JeffSFO From United States of America, joined Dec 2004, 848 posts, RR: 4 Posted (11 years 2 weeks 4 days 4 hours ago) and read 2889 times:
Heard this piece on NPR this evening during the afternoon commute today. It's about a CO 1st Officer who was furloughed after September 11, 2001 and his eventual return to the cockpit. In the description from the NPR web site, "...Berman describes how, against the odds, he managed to find his way back behind the controls of a 737 at Continental."
NAV20 From Australia, joined Nov 2003, 9909 posts, RR: 35
Reply 2, posted (11 years 2 weeks 4 days 3 hours ago) and read 2784 times:
Heart-warming, Jeff - SO glad he made it back to flying. A lot didn't, though, evidently.
I suppose I have a 9/11 story of my own. At the time I had a flight to the USA booked to visit friends/relatives in early October - Melbourne-New York via LAX, a side-trip to Norfolk VA., then a stopover in LA on the way back.
The first thing that happened was that the travel agent rang up and said, "I suggest that you cancel your flights - you can do it without charge." I said, "To hell with that, I'm still going." He replied, "I guessed that - thing is, though, I can rebook you again straight away on pretty well the same flights for about $200 less......."
That done, I rang my brother's family in Manhattan Beach to confirm my 'booking' for their spare room. My sister-in-law answered - I can still hear her saying, "You're FLYING? At THIS time....?"
I'll never forget the nation-wide, maybe even worldwide, panic that gripped the 'flying public' after 9/11. I never thought it was logical - what chance that Al Queda could whistle up ANOTHER twenty-odd suicidal maniacs with flying training and US visas, and do the same thing over again at short notice?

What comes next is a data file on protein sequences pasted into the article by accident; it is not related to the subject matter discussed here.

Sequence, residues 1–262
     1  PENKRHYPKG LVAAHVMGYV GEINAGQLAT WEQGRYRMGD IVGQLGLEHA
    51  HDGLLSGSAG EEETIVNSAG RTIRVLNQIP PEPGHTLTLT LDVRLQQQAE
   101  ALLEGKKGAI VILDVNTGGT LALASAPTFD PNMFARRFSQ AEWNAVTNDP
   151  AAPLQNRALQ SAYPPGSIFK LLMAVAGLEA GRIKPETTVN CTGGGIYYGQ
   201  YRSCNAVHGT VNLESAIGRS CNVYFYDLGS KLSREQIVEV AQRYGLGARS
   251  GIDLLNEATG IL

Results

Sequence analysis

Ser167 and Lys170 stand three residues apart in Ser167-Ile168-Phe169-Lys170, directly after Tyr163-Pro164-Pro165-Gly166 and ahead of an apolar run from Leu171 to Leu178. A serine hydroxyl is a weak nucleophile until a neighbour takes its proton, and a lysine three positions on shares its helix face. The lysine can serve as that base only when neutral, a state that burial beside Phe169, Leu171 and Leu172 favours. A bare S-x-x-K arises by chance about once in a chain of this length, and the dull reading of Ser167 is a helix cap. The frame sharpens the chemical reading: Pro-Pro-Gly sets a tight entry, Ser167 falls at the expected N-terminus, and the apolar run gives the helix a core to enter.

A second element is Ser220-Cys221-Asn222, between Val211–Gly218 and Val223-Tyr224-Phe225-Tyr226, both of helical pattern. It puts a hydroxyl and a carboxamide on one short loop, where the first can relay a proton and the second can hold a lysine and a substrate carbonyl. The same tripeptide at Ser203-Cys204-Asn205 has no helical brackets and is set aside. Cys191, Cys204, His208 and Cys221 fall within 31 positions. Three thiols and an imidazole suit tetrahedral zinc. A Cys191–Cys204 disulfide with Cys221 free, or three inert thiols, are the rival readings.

I never realised, before that article, though, just how huge the human cost was, in terms of airline jobs.....
"Once you have flown, you will walk the earth with your eyes turned skywards.." - Leonardo da Vinci
N844AA From United States of America, joined Jul 2003, 1352 posts, RR: 1
Reply 3, posted (11 years 2 weeks 4 days 3 hours ago) and read 2770 times:
Man, good for him. That's a great story. I particularly enjoyed this part, at least in terms of the narrative (the subject matter is not so pleasing!):
Then on September 27, I flew my last flight, to Raleigh-Durham and back, through a sky that was as clear and blue as on September 11. Usually we swap the duty of flying the airplane, but on this day the captain let me fly both to and from Raleigh. Back in Newark, we shut down the engines at the gate and I trudged up the jetway, dragging my flight bag of company navigation charts and airline manuals. I was grounded indefinitely, so the bag felt much heavier than usual. The chief pilot gave me an exit interview the next day. He took my charts and manuals, and when he escorted me out of the terminal, the flight bag that I wheeled behind me was much too light.
It must be terrible to walk away like that from something you love -- I doubt I'll ever understand it. But I'm glad he made it back, and I wish him and his other furloughed colleagues the best of luck.
New airplanes, new employees, low fares, all touchy-feely ... all of them are losers. -Gordon Bethune
XFSUgimpLB41X From United States of America, joined Aug 2000, 4300 posts, RR: 34
Reply 6, posted (11 years 2 weeks 3 days 14 hours ago) and read 2251 times:
No pay... no gain in years of service...
We have some Northwest, TWA/American, USAir, and Delta furloughs flying with us waiting to be called back. Some of them never will be recalled... or their rights will be given up for recall (some carriers only have recall rights for a certain number of years).
Thankfully my airline has allowed them to keep their seniority numbers with their previous employers.